Did he validate this in any way: "Not only did he reduce me to the ugliest possible stereotype - the pathetic, simpering girlfriend nagging for a diamond and a wedding - but he did it behind my back"? 

I'm putting myself in your place here, and I think I could accept it as valid that he just saw things in a completely different way, and therefore meant well--but I don't think I could accept it if he refused to acknowledge my point that he sold me out.

Any by not accepting, I mean I am not sure I could stay with someone who did that, who would neither acknowledge harm done to me nor honor my request to make me whole. I'm sorry. That was just a crap thing to do.

Two book recommendations: (1) Fangirl, by Rainbow Rowell. This is a wonderful YA novel about a character who writes fan fiction and the community she has online vs. in real life. (2) The Power of Quiet, by Susan Cain. This book will help this mom accept her daughter's more introverted personality and also help her see it as a strength, not a deficit.

Hi Carolyn, Reading your column concerning the new mother feeling pulled in many directions to celebrate Mother's Day really got me thinking. I have felt the Mother's Day guilt of wanting to make my mother and MIL happy. I try to learn from mistakes or situations in the past and I like the saying "when you know better you do better". So, I think to myself "I know it is overwhelming for young mothers to be pulled in many can I do better with my own family"? What is the best solution for mothers of adult children with their own families? I would love to hear tips and suggestions from your readers. Would you put that question out there?

Sure. Okay if I answer it, too?

A mother of adult children with their own families can tell them that her Mother's Day gift to them is an unconditional release from all obligations on Mother's Day. Say you'll love to see them (if true) and will be happy to plan or play along or observe it on the day of their choice or baby-sit so they can have time alone or whatever else (if true), but you will not be a duty they have to fulfill.

Carolyn, I don't expect you to take this comment in the chat, but I hope you will consider it. Your Washington Post colleague Meghan Kelly gives excellent child care advice that is developmentally-informed. Dan Siegel's books are great and there are others. Please stop recommending "Parenting with Love and Logic." Foster Cline is associated with a clinic in Evergreen, CO, that is associated with child abuse and practices that harm adopted children with attachment disorders. The book you recommend talks about letting a dog starve when the child doesn't feed it, locking children in their rooms, and other abusive practices. The parts that endorse parental calm area great, and there are some other good ideas, but a lot of the rest of it is horrible. I adopted an abused child from foster care when he was 7 and so I have exposure to these authors in other contexts. I'm pasting in below one of the negative reviews on Amazon, which is an accurate portrayal of the book. "1.0 out of 5 starsThis book is destructive quackery. Stay away! November 1, 2016 Format: HardcoverVerified Purchase As a psychiatrist, who works with adolescents and families, I urge you NOT to read this book. The ideas are outdated, discredited, and destructive. It takes some common sense ideas (don't get into power struggles with your children, encourage them to make choices, and allow them to learn from their mistakes) and takes them to an extreme. The book encourages parents to lock kids in their rooms when they are bad, withhold meals if they don't complete chores, and to allow the family dog become so malnourished that its ribs are showing (to teach a child a lesson about consequences for not feeding the dog). The book is rife with examples that encourage parents to be cruel, manipulative, and insincere. What this book completely ignores is the emotional health of the child. This book is about modifying behavior without ever looking beneath the behavior to understand what is happening emotionally and psychologically for the child. The entire book is based on the assumption that children are inherently manipulative and cunning and will take any chance they get to do something wrong and to frustrate their parents. This is just quackery. For parenting books that are about raising emotionally healthy AND responsible children, I highly recommend "Parenting from the Inside Out" by Daniel Siegel, "Unconditional Parenting" by Alfie Kohn, and "Parents We Mean to Be" by Richard Weissbourd."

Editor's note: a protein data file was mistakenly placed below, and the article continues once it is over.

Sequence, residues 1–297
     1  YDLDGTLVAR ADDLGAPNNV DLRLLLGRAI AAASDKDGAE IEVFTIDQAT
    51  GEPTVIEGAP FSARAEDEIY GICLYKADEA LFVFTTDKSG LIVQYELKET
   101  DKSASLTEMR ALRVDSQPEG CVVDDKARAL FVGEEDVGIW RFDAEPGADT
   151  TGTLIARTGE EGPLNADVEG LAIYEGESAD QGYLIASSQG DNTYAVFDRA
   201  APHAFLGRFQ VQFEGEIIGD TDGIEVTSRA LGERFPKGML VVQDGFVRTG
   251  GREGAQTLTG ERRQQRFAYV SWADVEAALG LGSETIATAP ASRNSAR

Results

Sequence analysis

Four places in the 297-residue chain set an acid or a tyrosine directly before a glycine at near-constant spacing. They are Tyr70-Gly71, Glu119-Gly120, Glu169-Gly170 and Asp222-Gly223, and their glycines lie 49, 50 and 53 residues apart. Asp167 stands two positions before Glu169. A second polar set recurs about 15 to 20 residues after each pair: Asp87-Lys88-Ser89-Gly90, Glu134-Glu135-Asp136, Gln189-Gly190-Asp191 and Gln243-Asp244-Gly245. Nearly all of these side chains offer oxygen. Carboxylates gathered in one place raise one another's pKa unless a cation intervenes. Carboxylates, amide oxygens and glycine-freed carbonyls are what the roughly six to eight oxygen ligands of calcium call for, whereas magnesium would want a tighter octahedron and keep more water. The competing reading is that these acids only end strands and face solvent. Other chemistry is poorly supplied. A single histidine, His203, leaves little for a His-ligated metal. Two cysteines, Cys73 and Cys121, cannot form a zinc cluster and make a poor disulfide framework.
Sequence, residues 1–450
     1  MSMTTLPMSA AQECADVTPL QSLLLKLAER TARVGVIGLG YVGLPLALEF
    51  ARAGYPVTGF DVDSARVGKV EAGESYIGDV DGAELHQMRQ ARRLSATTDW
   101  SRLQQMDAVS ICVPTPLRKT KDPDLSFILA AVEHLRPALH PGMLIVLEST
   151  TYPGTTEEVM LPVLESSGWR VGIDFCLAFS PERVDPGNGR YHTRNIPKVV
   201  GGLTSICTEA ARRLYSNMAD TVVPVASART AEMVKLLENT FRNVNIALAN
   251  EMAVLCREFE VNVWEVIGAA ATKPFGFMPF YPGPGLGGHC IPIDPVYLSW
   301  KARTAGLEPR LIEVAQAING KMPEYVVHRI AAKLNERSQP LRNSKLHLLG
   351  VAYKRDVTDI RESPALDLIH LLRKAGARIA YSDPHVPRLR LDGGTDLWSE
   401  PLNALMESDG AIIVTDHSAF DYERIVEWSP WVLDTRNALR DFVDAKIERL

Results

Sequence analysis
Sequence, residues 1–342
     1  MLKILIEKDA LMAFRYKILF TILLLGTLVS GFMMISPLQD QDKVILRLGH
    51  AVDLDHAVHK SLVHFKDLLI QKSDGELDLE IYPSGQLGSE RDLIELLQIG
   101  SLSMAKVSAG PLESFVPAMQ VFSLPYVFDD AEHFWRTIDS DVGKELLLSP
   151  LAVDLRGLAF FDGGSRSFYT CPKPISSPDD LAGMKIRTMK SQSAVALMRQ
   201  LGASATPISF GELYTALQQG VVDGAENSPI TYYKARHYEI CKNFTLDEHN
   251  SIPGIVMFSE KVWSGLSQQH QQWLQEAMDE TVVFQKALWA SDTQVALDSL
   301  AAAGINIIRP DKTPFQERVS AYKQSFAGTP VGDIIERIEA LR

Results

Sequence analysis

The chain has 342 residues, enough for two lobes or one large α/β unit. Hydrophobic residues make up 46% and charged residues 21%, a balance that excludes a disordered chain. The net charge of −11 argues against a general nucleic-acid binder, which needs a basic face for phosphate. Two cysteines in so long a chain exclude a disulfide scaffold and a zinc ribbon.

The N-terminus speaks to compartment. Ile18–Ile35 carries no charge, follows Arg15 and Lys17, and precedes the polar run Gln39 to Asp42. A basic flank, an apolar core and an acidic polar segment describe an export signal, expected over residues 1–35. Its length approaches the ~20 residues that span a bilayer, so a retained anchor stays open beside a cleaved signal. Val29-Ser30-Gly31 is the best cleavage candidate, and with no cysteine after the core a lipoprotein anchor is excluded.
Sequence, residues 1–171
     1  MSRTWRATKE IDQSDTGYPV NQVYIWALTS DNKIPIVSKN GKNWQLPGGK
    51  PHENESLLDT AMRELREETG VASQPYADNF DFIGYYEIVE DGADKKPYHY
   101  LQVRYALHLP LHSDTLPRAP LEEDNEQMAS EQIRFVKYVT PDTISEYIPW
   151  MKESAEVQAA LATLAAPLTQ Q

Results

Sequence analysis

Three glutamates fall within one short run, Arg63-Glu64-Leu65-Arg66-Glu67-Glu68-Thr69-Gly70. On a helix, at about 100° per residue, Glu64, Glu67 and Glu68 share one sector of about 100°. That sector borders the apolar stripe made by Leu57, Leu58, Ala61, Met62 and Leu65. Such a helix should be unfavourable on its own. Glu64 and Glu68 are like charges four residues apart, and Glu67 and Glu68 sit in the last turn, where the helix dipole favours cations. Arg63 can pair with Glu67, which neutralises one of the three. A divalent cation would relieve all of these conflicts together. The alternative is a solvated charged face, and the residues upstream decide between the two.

I am happy to address this here, thanks.

I read L&L myself, upon the recommendation of one of the best therapists I have ever worked/consulted with. I did not see it as advocating cruelty, though it has probably been close to a decade since I read it and sensibilities do change, even on things that seem obvious. I credit the book with changing my thinking on discipline imposed by parental decision--meaning, on the number of times parents step in and mete out consequences when there are perfectly good natural consequences waiting for them. I thought it was an especially good message for a time when childrearing trends have parents hyper-involved in so many details of a child's life. I didn't take it as advocacy for cruelty of any kind.

I am also aware of the outrage surrounding the author(s) since the book was recommended to me. I stopped recommending it altogether for a while, then mentioned it with I-mean-their-first-book-only! disclaimers (it's a series), and now I'll probably go back to not mentioning it. Thank you for the opportunity to address something openly that I have wrestled with behind the scenes.